More PPS matters being contested
Did you know that there were at least 27 cases that commented on the PPSA or the PPSR in 2017? By comparison, there were around 23 such cases in 2016, and around 18 such cases in 2015. The numbers are on the rise largely for one reason - some of us still do not appreciate the PPSA's reach, and by not properly applying the PPSA, security interests are either not perfected or perfected out of time, making the security interest the subject of disputes and vulnerable to a priority contest.
Another PMSI decision
30 January 2018 marks the 6th anniversary of the PPSA. As we approach this date, let us take a look at another decision on purchase money security interests (PMSIs). This is 1 of at least 5 PPSA decisions that concern PMSIs in the last 12 months. What can we learn from it?
In November 2017, the South Australian Supreme Court handed down its decision on Allied Distribution Finance Pty Ltd v Samwise Holdings Pty Ltd  SASC 163. For those of us who would like a PPS refresher, this judgement is good summer reading, as Justice Blue gave an overview of the PPSA and its major principles. These include the meaning of “personal property”, “security interest”, “PPS lease” and “PMSI”, He also covered key PPSA concepts such as attachment, perfection and priority.
What we have in Allied Distribution v Samwise Holdings is a priority contest between the 2 parties. In essence, the action was for a declaration that Allied Distribution's PMSI has priority over other security interests with respect to 40 motorcycles. In his judgement, Justice Blue made it clear that, in the PPSA, the reference to a grantor obtaining “possession” of goods that are inventory (in section 62(2) regarding PMSI priority) is a reference to the grantor obtaining possession of that very inventory as a grantor of the PMSI and not in some other capacity. As a result, Allied Distribution is entitled to a declaration that its security interest has priority over Samwise Holdings' security interest.
Without deep diving into legal analysis, the key lesson here is a simple one - the PMSI provisions in the PPSA afford priority to security holders who provide to the grantor the means of acquiring the grantor's interest in the personal property over other security holders as it is equitable to do so, but a security holder must follow the rules in the PPSA to enjoy PMSI priority. In particular, the security interest must be registered on the Personal Property Securities Register (PPSR) before the time the grantor obtains possession of the goods if they are inventory, and the security interest must be registered within 15 business days of the grantor obtaining possession of the goods if they are not inventory. We have shared some insights regarding this with you before, for example, see here.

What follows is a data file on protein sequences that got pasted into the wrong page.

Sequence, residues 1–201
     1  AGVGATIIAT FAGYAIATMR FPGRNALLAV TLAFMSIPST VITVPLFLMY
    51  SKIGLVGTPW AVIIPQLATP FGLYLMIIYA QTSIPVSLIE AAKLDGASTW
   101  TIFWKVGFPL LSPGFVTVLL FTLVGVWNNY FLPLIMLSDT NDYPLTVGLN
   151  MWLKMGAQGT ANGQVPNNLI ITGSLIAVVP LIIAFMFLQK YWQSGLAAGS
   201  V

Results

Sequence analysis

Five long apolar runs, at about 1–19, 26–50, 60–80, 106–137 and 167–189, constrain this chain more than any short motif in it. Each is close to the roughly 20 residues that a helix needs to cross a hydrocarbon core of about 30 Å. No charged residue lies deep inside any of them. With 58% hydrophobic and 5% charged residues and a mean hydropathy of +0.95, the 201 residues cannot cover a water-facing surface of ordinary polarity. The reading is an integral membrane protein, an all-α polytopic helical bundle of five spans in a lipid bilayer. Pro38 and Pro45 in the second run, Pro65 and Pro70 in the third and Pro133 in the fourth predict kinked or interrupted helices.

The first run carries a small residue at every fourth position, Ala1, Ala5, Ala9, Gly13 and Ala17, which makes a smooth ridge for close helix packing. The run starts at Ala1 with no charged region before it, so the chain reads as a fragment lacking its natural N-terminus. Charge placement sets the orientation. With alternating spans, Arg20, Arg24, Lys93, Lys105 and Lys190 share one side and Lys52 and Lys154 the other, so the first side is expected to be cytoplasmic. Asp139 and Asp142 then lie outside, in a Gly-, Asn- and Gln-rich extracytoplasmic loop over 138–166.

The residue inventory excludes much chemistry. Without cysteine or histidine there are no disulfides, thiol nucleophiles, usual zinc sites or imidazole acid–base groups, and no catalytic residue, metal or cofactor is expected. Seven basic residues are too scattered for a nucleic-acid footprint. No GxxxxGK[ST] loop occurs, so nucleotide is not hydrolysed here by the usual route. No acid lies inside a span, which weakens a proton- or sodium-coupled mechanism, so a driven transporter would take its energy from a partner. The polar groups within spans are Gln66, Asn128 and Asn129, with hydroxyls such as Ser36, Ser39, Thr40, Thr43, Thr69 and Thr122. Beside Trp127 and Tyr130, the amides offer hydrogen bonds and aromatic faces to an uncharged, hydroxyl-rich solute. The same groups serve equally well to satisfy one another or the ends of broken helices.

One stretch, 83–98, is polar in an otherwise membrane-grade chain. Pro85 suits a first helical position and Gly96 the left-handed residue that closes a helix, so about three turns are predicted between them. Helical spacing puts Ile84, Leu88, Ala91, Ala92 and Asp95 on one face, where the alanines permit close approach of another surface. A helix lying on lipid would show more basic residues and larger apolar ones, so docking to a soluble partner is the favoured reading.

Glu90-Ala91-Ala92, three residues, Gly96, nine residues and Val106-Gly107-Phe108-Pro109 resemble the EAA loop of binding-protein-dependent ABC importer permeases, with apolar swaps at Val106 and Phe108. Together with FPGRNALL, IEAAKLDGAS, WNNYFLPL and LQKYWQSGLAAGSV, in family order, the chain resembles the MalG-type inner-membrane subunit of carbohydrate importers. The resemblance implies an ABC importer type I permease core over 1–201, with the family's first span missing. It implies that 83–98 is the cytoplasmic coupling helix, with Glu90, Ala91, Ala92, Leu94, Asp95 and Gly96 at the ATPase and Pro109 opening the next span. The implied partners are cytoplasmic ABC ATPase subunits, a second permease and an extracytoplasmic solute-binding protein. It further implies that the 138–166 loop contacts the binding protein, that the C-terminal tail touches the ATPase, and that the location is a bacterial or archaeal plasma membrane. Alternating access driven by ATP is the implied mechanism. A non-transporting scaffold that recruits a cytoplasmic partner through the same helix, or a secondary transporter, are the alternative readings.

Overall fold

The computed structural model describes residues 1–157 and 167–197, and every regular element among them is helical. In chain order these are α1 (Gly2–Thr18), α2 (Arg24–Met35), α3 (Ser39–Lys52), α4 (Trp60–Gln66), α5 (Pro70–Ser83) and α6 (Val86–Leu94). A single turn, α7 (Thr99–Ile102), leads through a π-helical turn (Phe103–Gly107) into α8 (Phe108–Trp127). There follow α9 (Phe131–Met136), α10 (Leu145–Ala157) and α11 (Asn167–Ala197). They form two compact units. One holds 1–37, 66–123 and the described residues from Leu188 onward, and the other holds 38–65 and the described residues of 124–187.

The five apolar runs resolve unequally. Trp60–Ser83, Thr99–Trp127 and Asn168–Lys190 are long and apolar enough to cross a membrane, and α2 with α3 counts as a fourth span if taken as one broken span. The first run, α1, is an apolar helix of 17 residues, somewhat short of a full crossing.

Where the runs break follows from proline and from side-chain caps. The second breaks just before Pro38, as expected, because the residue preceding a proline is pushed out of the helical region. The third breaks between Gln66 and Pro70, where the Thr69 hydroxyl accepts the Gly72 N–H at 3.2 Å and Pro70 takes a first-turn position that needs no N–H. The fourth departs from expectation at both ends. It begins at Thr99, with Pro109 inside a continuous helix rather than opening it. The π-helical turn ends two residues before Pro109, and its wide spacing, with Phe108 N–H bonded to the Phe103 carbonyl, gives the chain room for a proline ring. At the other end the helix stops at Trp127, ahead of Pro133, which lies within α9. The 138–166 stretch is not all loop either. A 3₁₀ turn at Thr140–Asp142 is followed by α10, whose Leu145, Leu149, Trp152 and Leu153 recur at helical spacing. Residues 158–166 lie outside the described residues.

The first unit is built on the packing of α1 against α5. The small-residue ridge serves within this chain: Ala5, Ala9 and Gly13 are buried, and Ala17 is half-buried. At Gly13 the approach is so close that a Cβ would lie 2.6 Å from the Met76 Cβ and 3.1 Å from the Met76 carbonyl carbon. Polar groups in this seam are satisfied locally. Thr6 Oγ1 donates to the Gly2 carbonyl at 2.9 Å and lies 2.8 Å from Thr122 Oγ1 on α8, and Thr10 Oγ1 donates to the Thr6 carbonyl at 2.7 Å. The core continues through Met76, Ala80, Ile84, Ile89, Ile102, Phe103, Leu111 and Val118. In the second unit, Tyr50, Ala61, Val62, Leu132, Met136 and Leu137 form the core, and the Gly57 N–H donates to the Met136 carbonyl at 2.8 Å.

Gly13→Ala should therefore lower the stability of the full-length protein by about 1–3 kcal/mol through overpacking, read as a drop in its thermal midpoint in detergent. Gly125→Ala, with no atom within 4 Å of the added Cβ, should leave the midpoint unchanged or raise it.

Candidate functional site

A practice tip
On a practical note, it is very important to remember that you must tick the PMSI box when you first register your security interest on the PPSR as you cannot amend a registration later to indicate PMSI.
Join us for a complimentary PPS webinar on Wednesday, February 21st at 12:00 PM AEDT. We will take a look at more recent decisions to leverage the lessons learnt so they are not lessons lost.
In the meantime, read more about the PPSA and the PPSR in SAI Global's industry news, including:
- Personal Property Securities “extension of time” cases - what can we learn from them
- PPS lesson: register your leases or risk your interest being surpassed
SAI Global has helped many customers develop strategies to manage registrations on the PPSR, including to make registrations in a timely manner. Discover how we can help you protect your assets by contacting us for a free consultation today.